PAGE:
For decades, a 50-block area in downtown Los Angeles known as Skid Row has been a hub for shelters and social services for homeless and extremely poor people, the majority of them Black. Now, amid rapid-fire gentrification of the downtown area, city leaders have implemented a police crackdown on Skid Row that has resulted in the harassment, arrest and displacement of thousands of poor people of color.
The LAPD’s “Safer Cities Initiative,” launched on Skid Row last summer, is based on the “broken windows” theory of law enforcement, which holds that small signs of “disorder” (graffiti, broken windows, people hanging out on the sidewalk) invite more serious crimes to a neighborhood and should be eliminated. Critics of the theory note its historical use to justify law-enforcement crackdowns on members of marginalized communities—especially poor people of color—who are disproportionately targeted for petty crimes. “‘Broken windows’ gets couched in this almost-neutral language about ‘signs of disorder’,” says Kristian Williams, author of a history of modern U.S. policing called Our Enemies in Blue, “but the things that get counted as ‘signs of disorder’ tend to be signs of poverty. What the theory is doing is reading poverty as disorder and using those ‘signs of disorder’ as an excuse to bring additional police attention and additional sanctioning to areas where poor people live.”
Since the summer of 2006, there have been more than 6,000 arrests in Skid Row, an area with a population of 10,000 to 15,000 people (about 4,000 of whom are homeless) on any given night. More than 100 new officers have been assigned to the neighborhood in the past year, so that now police officers on foot, in patrol cars, on bicycles and mounted on horses are a near-constant presence. Deborah Burton, who lives in subsidized housing in the neighborhood, said she has been stopped while simply walking down the street by police who ask, “Are you on parole or probation?” In April, a federal district judge ruled that the LAPD has engaged in a policy of unconstitutional searches of Skid Row residents.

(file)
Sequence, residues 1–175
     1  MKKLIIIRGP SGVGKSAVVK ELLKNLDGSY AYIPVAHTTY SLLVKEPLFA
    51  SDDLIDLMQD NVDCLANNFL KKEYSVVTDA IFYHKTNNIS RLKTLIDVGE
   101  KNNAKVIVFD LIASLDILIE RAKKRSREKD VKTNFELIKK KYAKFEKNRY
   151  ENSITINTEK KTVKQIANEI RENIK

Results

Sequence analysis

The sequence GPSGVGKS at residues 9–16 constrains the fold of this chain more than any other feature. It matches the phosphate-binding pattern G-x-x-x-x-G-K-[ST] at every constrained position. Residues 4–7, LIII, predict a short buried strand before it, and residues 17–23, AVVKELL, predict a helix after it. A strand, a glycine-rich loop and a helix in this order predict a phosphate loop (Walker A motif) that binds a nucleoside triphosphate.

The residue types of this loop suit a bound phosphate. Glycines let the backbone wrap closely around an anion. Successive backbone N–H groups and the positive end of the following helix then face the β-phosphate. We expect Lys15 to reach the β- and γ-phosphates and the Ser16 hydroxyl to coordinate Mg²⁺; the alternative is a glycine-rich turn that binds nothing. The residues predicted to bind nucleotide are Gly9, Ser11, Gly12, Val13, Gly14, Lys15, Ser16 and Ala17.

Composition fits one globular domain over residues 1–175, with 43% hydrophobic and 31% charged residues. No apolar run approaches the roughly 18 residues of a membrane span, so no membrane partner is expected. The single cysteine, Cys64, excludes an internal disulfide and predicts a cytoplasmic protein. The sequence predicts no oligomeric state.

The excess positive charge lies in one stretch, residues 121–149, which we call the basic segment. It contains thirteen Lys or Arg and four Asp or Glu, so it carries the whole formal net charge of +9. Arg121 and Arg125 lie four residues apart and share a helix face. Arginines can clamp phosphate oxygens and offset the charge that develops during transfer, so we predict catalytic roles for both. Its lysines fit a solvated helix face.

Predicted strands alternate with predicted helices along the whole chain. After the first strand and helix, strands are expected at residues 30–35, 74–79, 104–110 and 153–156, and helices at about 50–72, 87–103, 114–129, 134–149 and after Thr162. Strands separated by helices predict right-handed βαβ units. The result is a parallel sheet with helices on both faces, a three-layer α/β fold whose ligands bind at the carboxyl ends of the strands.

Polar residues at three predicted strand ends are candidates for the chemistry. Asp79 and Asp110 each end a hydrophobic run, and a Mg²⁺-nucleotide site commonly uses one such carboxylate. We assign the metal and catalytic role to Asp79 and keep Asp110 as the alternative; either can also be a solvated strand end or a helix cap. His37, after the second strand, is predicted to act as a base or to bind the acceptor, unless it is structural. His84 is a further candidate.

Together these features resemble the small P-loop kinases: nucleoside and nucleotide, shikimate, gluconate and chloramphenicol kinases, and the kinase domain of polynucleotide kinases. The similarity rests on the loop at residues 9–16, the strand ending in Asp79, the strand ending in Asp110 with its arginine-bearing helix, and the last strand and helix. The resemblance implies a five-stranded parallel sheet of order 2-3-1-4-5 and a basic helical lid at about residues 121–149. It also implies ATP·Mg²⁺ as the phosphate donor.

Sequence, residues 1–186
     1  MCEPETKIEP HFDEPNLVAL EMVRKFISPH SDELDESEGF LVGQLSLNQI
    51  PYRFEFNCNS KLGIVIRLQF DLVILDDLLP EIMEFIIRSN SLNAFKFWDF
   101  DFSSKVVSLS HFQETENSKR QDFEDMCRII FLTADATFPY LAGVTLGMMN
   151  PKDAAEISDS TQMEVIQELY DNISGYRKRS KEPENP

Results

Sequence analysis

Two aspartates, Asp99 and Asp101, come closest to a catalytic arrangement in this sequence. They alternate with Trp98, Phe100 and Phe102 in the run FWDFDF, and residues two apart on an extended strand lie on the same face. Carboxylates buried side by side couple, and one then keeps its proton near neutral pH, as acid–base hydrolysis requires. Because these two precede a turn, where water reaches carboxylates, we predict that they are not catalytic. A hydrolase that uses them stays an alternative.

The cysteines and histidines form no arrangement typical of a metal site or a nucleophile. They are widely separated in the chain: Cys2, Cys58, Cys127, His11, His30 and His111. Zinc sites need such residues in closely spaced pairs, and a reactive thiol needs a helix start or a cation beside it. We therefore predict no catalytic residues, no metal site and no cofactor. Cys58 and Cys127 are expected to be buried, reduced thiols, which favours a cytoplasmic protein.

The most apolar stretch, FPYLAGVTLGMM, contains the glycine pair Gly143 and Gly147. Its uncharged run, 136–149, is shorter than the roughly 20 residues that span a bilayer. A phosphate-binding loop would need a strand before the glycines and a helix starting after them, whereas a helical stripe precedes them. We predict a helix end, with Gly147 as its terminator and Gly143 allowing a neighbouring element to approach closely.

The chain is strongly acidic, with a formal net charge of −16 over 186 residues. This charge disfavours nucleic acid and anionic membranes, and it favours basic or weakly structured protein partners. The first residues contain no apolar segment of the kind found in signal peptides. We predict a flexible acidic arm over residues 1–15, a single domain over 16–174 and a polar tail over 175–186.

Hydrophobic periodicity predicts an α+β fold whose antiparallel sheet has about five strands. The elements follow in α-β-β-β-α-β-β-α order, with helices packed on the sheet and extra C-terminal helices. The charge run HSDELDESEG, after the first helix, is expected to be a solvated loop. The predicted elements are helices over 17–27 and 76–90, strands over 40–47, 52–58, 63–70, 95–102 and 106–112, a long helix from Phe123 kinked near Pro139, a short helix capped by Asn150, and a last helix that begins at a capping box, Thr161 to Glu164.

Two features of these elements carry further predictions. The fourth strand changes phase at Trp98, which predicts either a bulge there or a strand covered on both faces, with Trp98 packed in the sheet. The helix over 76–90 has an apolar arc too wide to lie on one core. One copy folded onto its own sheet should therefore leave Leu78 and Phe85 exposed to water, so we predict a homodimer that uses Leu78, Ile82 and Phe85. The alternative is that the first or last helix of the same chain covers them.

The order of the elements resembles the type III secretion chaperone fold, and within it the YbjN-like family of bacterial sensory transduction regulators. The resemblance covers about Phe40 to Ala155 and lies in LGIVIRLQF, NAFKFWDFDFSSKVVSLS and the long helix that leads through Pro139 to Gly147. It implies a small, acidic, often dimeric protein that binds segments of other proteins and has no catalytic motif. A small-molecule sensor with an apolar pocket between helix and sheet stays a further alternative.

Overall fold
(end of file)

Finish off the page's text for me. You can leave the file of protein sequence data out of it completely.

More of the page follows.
“We’re not just talking about folks that are homeless,” says Pete White, codirector of the Skid Row-based Los Angeles Community Action Network. “We’re talking about any Black resident or any Black visitor in downtown Los Angeles. If they’re not looking a certain way that day, they could be stopped, handcuffed and harassed.”
In the face of this, many people have relocated to other neighborhoods, farther away from social services. James Hundley, who coordinates a needle-exchange program at the Skid Row site of Homeless Health Care Los Angeles, says that he has seen a decrease of about 30 percent in the number of people accessing their services since Safer Cities started. In the last year, he has also seen his site’s client population go from majority Black to majority white. “The people that were accessing the services,” he says, “are afraid to come in. If they come into the area, they’re gonna be harassed. If they’re not in the area, how can they access the services?”
Longtime residents and community organizers see what is happening on Skid Row as an extreme example of what is happening in cities across the United States: as predominantly white middle- and upper-middle-class people find urban centers increasingly desirable places to live, gentrification displaces lower-income communities of color. Policing strategies such as “broken windows” are often used to facilitate gentrification, resulting not only in displacement but increased incarceration of poor people of color. “Nationally,” says White, “we need to look at these hot spots, where hard-fought civil rights are being undermined by development, and liberal politicos are turning a blind eye.”